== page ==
The Bastardization of Native American Names

On our page, after the Thanksgiving holiday, we asked our page with much hesitation what their favorite Native American names were. I did specifically ask people to be careful, and keep respect for authenticity. Our friend Hazel said:

Kai – Navaho; willow tree
Kaya – Hopi; my elder sister
Luna – Zuni, Span; the moon
Lusita – Zuni, Span; bringer of light
Malila – Miwok; salmon going fast up a rippling stream
Mika – Ponka; the knowing racoon
Nascha – Navaho; owl
Nita – Choctaw; bear
Nova – Hopi; chasing a butterfly

. . . So many more but don’t have time I’m not American, these are from a book, so cannot verify myself.

Luna and Lusita are definitely not Native American, but maybe used by the population due to Spanish influence. Kaya does not mean elder sister in Hopi. The Malila thing is so ridiculous I can’t believe it. The Miwok word for salmon is ko-sum, btw. Mika does come from Ponca & related languages but only means “raccoon”… “knowing” is a romanticism. Ne-ahs-jah is the Navajo word for owl (close…). Nova is the Hopi word for “food”. These were made up by white people.


Nita is Choctaw for bear, so that was right. Kʼai is Navajo for willow (close enough?).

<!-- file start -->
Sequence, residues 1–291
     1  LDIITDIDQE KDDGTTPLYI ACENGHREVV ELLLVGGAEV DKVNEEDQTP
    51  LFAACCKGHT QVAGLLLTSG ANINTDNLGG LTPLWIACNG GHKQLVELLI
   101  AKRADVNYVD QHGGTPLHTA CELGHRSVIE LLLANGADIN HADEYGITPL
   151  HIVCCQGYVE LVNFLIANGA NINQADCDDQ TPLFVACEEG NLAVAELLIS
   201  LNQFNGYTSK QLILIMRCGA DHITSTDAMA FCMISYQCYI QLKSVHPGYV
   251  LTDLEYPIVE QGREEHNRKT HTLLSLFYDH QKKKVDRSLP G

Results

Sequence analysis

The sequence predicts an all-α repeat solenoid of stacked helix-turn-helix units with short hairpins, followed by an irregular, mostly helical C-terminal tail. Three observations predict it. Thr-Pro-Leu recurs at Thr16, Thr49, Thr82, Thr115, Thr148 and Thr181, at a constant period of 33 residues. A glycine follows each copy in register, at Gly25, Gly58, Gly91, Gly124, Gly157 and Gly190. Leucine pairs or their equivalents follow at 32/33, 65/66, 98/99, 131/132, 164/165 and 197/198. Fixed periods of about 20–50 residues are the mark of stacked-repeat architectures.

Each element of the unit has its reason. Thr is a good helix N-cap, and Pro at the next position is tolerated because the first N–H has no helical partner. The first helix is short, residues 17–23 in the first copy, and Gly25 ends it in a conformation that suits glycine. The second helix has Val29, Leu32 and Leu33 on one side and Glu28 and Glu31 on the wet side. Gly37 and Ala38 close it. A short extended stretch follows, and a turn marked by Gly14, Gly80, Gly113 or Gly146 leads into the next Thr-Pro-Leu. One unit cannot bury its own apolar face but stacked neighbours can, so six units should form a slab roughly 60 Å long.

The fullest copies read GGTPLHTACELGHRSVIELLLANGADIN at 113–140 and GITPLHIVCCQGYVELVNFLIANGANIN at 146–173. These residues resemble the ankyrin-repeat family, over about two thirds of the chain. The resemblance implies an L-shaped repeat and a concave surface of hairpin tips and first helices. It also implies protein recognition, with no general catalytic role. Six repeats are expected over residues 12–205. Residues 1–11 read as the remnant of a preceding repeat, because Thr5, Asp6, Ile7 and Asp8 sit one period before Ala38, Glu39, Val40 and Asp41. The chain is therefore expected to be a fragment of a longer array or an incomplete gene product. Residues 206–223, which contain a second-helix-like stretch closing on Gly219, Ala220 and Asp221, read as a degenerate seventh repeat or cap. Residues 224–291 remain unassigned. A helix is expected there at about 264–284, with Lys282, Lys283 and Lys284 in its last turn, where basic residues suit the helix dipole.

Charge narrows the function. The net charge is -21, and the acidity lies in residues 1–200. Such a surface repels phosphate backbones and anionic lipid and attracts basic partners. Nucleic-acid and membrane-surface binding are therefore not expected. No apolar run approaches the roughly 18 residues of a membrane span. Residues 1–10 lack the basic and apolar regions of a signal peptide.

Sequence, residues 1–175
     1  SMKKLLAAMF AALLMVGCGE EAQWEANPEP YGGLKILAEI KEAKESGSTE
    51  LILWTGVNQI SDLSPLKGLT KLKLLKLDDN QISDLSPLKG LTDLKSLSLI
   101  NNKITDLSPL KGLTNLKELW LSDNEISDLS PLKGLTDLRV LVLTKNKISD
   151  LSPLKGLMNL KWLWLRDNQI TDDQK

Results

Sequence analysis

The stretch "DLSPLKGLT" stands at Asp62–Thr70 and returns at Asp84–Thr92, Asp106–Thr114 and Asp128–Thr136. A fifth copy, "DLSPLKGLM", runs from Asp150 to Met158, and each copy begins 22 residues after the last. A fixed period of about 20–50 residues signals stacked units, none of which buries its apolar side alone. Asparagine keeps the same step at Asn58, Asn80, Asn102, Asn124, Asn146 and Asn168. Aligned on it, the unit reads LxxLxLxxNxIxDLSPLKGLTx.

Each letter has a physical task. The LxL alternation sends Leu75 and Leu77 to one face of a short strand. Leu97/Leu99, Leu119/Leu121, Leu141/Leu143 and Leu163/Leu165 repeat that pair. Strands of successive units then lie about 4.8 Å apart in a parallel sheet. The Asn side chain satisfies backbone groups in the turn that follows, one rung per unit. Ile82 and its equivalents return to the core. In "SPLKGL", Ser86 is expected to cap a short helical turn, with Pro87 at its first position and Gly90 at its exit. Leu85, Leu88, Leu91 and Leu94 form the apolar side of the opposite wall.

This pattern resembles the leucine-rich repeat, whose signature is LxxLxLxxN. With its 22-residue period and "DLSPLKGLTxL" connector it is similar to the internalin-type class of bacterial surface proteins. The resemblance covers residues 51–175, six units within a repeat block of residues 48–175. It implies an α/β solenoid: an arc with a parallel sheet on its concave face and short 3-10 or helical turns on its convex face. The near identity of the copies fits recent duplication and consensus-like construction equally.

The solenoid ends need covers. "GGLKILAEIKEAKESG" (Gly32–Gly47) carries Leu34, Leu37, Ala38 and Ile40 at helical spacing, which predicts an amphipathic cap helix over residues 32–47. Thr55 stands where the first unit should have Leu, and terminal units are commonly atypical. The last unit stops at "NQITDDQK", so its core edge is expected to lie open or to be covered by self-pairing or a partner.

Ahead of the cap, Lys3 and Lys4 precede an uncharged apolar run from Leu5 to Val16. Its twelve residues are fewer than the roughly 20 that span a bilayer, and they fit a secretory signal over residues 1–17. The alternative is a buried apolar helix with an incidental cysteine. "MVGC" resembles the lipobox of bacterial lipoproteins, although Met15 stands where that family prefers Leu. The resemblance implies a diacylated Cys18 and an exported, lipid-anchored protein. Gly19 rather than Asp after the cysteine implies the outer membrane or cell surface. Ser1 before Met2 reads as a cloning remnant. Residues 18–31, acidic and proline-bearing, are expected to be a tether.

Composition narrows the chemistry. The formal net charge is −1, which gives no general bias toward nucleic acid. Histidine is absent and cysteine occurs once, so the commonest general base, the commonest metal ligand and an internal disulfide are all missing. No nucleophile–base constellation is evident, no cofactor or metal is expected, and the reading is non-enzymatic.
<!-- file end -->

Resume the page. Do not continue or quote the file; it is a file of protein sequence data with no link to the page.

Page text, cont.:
Baby name books or sites in general do not respect Native languages (or anything non-Euro, for that matter), so this is what I cautioned about.
Don’t trust those.

Usually I hesitate to bring up Native American names here, and this is why. I truly love real Native American names, but so much misinformation is out there that if the topic comes up, I’m going to have to make some corrections. We just had Thanksgiving in the States, so I wanted to suck it up and do it, but what a dishonor we are still doing to the people with the BS that gets circulated. No offense, but I’m kind of glad Hazel ran out of time– less work for me!

Please remember that usually Native American words are longer than English words, so if something has some long elaborate meaning, it would take a lot more syllables than 2 or 3 to express that thought.

Most baby name books you really can’t trust, in varying degrees. Some are 75% garbage, some are only 5% untrue. I’d recommend mine, but it hasn’t been published yet! Mine isn’t really a dictionary per se, either… but I digress. Before you choose a Native American name, do a little legwork and find out about the language you are taking from– make sure via cross referencing that you have an authentic name/word with correct pronunciations and respect for the culture and their language. If you can’t do that, honestly a Native name should not even appeal to you at all. And don’t pick one because you “are” “Native American” unless you’ve confirmed via DNA test or were raised in Native culture, since family legend has us all part Cherokee princess.

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3 responses

  1. Pingback: The Bastardization of Native American Names | N...

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